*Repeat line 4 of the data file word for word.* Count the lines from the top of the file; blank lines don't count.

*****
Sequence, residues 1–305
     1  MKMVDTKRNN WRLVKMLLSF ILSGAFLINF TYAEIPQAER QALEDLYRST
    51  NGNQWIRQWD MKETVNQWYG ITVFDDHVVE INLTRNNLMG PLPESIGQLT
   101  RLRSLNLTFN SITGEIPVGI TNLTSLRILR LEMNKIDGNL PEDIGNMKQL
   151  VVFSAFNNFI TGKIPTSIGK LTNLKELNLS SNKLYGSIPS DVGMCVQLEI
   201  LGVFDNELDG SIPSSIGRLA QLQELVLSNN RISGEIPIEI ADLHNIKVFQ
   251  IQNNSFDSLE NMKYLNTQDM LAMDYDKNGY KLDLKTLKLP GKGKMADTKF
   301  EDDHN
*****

   101  RLRSLNLTFN SITGEIPVGI TNLTSLRILR LEMNKIDGNL PEDIGNMKQL